Congress came back from a seven-week break Tuesday and once again failed to move forward a bill that would pay for a federal Zika response.
As senators traded barbs about whose fault it was, Florida health officials said they'd found seven more home-grown cases of Zika, six of them part of an outbreak in Miami Beach. Florida now has documented 56 locally transmitted cases of Zika infection, presumably passed by Aedes aegypti mosquitoes that are active nearly year round in south Florida.
President Barack Obama asked for $1.9 billion in emergency funding to fight Zika in February, but the Republican-dominated Congress stalled.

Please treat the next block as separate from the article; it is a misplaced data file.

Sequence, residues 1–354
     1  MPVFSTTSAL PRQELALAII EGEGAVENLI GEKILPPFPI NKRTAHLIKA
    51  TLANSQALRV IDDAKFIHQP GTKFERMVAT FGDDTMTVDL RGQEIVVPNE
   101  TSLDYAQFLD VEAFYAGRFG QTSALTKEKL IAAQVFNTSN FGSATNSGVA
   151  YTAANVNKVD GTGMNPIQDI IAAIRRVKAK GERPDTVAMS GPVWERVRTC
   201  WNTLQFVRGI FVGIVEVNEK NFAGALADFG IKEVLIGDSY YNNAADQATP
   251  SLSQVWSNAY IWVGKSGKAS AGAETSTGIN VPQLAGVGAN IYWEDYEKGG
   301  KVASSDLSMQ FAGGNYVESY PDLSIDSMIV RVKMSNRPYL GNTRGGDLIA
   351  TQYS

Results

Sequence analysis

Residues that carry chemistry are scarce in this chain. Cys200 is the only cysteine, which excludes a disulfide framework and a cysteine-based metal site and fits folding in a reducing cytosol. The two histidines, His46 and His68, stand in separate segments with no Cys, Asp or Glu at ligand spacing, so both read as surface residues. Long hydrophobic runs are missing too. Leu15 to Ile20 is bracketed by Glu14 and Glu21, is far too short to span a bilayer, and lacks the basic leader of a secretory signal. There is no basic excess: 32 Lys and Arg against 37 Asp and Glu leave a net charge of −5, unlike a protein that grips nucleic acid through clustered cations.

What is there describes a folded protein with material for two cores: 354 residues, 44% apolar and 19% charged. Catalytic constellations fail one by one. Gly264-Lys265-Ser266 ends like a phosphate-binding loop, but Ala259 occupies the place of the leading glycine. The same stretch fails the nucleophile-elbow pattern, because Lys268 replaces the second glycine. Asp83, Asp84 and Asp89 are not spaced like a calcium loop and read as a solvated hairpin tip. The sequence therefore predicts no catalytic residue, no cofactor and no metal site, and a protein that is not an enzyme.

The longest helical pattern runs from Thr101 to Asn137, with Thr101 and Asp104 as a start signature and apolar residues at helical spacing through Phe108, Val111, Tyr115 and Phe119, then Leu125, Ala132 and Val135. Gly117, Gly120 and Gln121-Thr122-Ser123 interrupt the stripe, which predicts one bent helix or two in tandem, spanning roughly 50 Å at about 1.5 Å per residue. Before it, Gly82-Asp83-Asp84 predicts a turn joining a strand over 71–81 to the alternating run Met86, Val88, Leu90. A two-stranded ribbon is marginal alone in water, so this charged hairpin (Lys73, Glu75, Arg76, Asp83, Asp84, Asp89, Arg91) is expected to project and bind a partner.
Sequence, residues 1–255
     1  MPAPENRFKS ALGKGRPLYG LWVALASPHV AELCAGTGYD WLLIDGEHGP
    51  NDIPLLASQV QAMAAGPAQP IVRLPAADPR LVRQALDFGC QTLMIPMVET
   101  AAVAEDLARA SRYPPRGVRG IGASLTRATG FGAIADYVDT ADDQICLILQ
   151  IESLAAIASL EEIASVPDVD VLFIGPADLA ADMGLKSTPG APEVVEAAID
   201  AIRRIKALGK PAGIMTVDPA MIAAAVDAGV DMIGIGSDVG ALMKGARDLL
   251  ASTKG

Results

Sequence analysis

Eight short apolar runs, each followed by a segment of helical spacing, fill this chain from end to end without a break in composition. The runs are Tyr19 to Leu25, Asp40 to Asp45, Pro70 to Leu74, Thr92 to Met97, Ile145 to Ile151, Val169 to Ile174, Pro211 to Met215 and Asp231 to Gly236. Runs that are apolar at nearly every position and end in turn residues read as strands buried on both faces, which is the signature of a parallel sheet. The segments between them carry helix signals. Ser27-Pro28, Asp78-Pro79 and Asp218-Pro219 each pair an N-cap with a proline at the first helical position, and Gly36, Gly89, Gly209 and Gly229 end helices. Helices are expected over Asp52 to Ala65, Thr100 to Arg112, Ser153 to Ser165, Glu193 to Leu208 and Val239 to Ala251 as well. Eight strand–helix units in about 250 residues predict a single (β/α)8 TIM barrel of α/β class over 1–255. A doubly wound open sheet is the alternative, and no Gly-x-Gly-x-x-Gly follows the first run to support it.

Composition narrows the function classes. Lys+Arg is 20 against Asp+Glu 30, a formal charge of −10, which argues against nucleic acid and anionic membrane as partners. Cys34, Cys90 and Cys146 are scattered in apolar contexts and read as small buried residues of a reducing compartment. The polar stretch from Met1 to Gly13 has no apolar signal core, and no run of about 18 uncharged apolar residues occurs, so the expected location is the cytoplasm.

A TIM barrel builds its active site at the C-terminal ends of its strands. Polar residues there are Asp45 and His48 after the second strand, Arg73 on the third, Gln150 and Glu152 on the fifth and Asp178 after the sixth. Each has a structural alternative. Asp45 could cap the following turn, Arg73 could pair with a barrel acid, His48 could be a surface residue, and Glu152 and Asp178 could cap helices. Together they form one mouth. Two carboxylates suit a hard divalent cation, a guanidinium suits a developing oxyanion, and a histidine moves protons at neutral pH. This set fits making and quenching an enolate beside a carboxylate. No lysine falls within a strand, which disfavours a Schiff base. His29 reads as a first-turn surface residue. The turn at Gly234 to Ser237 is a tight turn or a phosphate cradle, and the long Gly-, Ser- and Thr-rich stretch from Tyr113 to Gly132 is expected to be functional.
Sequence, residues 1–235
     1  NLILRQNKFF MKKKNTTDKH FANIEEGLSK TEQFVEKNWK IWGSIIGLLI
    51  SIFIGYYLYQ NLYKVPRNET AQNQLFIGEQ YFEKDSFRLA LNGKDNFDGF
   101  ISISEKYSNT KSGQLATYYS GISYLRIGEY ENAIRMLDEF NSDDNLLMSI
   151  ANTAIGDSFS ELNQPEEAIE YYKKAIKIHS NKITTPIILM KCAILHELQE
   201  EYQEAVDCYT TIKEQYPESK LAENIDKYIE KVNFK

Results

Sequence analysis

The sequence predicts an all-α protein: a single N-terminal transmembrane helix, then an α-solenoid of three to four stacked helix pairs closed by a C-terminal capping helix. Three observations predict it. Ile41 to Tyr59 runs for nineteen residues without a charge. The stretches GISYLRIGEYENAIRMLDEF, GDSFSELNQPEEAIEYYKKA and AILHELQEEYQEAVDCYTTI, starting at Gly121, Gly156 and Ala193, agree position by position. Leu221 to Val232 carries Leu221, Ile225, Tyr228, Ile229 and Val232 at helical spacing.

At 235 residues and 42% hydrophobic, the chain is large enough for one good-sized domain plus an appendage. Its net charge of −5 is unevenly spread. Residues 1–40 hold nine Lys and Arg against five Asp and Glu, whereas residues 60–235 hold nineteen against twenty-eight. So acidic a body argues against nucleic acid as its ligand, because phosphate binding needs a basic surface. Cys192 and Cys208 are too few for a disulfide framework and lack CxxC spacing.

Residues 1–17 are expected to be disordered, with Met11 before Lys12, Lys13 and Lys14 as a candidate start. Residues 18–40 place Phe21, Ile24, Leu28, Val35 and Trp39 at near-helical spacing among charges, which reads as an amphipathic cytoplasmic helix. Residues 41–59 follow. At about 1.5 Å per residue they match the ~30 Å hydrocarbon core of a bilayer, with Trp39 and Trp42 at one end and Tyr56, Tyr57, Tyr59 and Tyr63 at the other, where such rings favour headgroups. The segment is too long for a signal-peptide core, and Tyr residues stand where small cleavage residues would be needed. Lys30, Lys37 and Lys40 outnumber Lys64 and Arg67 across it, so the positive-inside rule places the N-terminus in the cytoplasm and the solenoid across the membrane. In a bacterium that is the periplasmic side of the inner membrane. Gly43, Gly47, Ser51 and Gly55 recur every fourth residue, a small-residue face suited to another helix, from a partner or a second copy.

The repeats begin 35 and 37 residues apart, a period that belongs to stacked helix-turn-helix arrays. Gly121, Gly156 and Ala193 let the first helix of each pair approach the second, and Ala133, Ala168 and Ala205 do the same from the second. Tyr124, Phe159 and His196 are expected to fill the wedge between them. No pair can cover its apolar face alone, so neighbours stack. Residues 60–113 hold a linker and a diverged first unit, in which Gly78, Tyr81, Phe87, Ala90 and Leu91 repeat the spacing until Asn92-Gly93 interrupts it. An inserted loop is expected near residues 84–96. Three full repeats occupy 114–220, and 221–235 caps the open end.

The heads of the Centers for Disease Control and Prevention and the National Institute for Allergies and Infectious Diseases, as well as other leading experts, said they needed to money quickly and offered explanations for how it would be spent, but conservative members of the House and the Senate alike balked.
The House offered $1.1 billion in Zika funding in June, but the money wasn't new funding. It was mostly repurposed funding from other programs, notably efforts to clean up after the Ebola epidemic that killed 11,000 people in West Africa in 2014-15.
And it specifically cut money from Planned Parenthood — a move the Republicans knew Democrats would reject, and they did.